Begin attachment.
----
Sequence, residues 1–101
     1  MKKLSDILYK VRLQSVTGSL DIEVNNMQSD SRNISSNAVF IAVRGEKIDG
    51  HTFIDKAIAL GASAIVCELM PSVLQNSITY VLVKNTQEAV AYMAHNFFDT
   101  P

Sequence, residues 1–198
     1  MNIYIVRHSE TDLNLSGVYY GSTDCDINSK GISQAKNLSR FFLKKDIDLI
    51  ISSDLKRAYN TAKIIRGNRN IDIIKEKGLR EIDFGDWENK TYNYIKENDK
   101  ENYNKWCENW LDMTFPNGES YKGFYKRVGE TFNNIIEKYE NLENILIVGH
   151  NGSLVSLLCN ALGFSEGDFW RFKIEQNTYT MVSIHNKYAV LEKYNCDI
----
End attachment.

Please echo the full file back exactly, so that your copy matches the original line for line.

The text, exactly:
Sequence, residues 1–101
     1  MKKLSDILYK VRLQSVTGSL DIEVNNMQSD SRNISSNAVF IAVRGEKIDG
    51  HTFIDKAIAL GASAIVCELM PSVLQNSITY VLVKNTQEAV AYMAHNFFDT
   101  P

Sequence, residues 1–198
     1  MNIYIVRHSE TDLNLSGVYY GSTDCDINSK GISQAKNLSR FFLKKDIDLI
    51  ISSDLKRAYN TAKIIRGNRN IDIIKEKGLR EIDFGDWENK TYNYIKENDK
   101  ENYNKWCENW LDMTFPNGES YKGFYKRVGE TFNNIIEKYE NLENILIVGH
   151  NGSLVSLLCN ALGFSEGDFW RFKIEQNTYT MVSIHNKYAV LEKYNCDI